Tag Archives: Celebrated

Coming Soon: Death Is No Bad Friend Indiegogo Campaign

★★★ PLEASE REBLOG & SPREAD THE WORD!!! ★★★

WE, SIREN’S GAZE PRODUCTIONS, ARE HOPING TO RAISE FUNDS FOR OUR SHORT FILM DEATH IS NO BAD FRIEND ABOUT ROBERT LOUIS STEVENSON (TREASURE ISLAND, STRANGE CASE OF DR JEKYLL AND MR HYDE) IN SAN FRANCISCO.

THE SCREENPLAY HAS RECEIVED AMPLE PRAISE AND THERE IS A WONDERFUL CAST & CREW ATTACHED TO THIS PROJECT ALREADY. 

WE ARE PLANNING ON LAUNCHING OUR INDIEGOGO CAMPAIGN WITHIN THE COMING WEEKS.

PLEASE HELP SPREAD THE WORD ON FACEBOOK, TWITTER, TUMBLR, PINTEREST, ETC.!

SIREN’S GAZE PRODUCTIONS on WordPress:

sirensgazeproductions.wordpress.com

SIREN’S GAZE PRODUCTIONS on Facebook:

facebook.com/sirensgazeproductions

DEATH IS NO BAD FRIEND on Facebook:

facebook.com/pages/Death-Is-No-Bad-Friend/164927033704154

Kyle Trailer 14

Kyle Duke Adamiec as Robert Louis Stevenson in our upcoming Indiegogo trailer for Death Is No Bad Friend.
Photograph by G. E. Gallas

Siren’s Gaze Productions (sirensgazeproductions.wordpress.com) was born at the 2013 Cannes Film Festival as a collaboration between three young, unique, and ambitious female filmmakers — director Mary Lachapelle, cinematographer Jacqueline Lehr, and screenwriter/producer G. E. Gallas. Each of us has an undying passion for our expertise. Yet our individual personalities fit together to form an intuitive and vibrant production team.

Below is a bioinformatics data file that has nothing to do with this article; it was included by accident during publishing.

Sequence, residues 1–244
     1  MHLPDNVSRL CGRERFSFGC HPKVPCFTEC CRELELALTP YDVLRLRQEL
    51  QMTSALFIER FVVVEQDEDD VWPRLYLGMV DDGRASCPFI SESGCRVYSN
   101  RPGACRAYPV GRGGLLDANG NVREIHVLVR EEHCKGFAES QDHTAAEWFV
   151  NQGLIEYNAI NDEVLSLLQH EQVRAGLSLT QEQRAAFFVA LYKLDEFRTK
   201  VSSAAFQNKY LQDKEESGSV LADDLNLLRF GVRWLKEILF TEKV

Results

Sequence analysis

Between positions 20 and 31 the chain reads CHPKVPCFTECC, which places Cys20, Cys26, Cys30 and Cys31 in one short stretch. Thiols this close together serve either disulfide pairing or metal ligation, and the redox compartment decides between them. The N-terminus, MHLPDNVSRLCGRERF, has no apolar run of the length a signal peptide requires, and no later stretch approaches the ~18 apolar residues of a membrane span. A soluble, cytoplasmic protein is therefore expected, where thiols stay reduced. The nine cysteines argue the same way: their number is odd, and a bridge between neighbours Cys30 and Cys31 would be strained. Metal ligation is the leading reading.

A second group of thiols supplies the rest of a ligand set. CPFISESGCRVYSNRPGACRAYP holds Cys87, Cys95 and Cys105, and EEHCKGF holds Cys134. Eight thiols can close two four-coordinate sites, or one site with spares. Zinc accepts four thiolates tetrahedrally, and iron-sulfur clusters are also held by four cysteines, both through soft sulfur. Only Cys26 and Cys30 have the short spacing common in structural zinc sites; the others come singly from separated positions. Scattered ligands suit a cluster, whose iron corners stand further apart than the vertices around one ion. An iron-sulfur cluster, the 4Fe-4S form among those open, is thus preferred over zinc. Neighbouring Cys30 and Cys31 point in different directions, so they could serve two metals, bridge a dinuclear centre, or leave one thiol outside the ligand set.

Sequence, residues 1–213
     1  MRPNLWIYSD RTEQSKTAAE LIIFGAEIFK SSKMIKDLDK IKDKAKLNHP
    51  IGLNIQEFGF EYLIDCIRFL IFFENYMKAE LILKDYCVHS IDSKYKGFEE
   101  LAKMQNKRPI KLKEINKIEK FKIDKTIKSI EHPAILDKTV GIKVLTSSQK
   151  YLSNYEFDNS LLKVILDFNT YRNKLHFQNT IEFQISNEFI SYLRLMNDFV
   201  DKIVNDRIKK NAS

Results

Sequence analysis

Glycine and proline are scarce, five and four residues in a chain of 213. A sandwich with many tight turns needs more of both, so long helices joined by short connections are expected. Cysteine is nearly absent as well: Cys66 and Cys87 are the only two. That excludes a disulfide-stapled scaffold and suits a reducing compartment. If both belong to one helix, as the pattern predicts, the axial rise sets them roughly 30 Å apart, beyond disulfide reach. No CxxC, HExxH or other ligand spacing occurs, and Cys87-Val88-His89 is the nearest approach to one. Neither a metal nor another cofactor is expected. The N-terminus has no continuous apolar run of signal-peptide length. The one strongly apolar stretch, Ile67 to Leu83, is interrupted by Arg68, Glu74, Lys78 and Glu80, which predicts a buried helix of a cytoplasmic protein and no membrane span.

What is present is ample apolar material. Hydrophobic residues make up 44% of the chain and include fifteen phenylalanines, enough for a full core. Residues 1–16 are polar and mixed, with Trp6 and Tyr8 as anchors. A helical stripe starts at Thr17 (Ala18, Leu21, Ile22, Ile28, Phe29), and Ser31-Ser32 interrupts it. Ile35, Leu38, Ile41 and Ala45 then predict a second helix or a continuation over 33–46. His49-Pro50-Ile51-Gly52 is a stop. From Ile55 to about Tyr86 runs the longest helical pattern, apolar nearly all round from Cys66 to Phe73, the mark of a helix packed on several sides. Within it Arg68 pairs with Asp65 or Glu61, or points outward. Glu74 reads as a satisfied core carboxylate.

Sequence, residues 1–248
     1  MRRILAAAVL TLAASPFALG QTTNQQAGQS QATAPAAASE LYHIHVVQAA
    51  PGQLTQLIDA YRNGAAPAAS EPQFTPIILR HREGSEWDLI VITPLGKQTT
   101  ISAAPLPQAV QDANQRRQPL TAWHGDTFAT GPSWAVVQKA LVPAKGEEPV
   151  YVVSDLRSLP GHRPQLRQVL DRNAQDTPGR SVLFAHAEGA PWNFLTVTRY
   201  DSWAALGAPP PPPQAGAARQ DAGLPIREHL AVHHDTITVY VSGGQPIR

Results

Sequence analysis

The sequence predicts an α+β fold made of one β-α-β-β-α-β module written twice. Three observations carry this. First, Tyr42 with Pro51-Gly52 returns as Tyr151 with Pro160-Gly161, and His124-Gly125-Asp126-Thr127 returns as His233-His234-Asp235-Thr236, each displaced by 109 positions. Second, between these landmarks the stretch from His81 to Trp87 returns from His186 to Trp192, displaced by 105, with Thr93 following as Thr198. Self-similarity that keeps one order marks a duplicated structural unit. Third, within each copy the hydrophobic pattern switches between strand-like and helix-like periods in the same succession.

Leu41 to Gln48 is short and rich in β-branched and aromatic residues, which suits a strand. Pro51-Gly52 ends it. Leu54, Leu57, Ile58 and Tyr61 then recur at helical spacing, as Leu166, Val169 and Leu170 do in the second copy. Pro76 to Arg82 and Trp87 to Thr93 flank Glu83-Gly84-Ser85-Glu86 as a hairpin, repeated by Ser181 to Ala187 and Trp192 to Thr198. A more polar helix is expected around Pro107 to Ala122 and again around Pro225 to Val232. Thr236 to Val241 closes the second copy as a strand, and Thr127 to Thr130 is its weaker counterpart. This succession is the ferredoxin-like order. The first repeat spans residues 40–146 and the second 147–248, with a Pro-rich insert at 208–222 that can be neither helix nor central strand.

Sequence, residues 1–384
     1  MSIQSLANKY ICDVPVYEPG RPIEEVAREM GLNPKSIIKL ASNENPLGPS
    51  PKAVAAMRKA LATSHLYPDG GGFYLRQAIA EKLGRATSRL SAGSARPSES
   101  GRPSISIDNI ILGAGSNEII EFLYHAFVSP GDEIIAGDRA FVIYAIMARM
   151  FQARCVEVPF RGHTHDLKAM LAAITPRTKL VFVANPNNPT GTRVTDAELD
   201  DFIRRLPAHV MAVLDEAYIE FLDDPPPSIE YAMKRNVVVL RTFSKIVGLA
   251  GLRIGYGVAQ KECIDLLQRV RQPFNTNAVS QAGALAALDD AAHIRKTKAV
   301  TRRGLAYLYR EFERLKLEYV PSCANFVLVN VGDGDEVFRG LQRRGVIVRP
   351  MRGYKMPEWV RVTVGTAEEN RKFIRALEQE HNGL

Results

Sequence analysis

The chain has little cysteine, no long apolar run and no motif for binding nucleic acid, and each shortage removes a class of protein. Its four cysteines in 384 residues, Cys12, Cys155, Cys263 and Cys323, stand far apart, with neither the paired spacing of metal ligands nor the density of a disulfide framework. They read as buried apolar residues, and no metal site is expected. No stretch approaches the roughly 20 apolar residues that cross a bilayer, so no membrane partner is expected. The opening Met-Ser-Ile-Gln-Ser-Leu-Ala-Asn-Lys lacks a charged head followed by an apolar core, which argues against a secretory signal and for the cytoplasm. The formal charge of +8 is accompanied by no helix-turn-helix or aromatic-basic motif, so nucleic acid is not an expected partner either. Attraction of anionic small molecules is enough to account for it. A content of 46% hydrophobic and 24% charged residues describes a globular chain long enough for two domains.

Death Is No Bad Friend is a short film based on the life and works of Robert Louis Stevenson (The Strange Case of Dr Jekyll and Mr HydeTreasure Island). Robert Louis attempts to escape his guilty conscience through honeymooning on Mount Saint Helena. But his illness catches up, forcing him to face his demons.

 
This film is Siren’s Gaze Productions’ first project. We believe that Robert Louis and Fanny Stevenson’s story is historically and culturally significant, and therefore should be celebrated through the medium of cinema. Our greatest goal is to create an outstanding film to submit to festivals around the world (Cannes, Toronto, Sundance, etc.) and to launch the careers of all cast and crew involved.

 
We are all 100% committed to this project. We are prepared to make this film on a shoestring budget, donating our time and skills. But every penny counts! We are hoping to raise between $10,000 and $25,000 to allow us to bring Death Is No Bad Friend to life.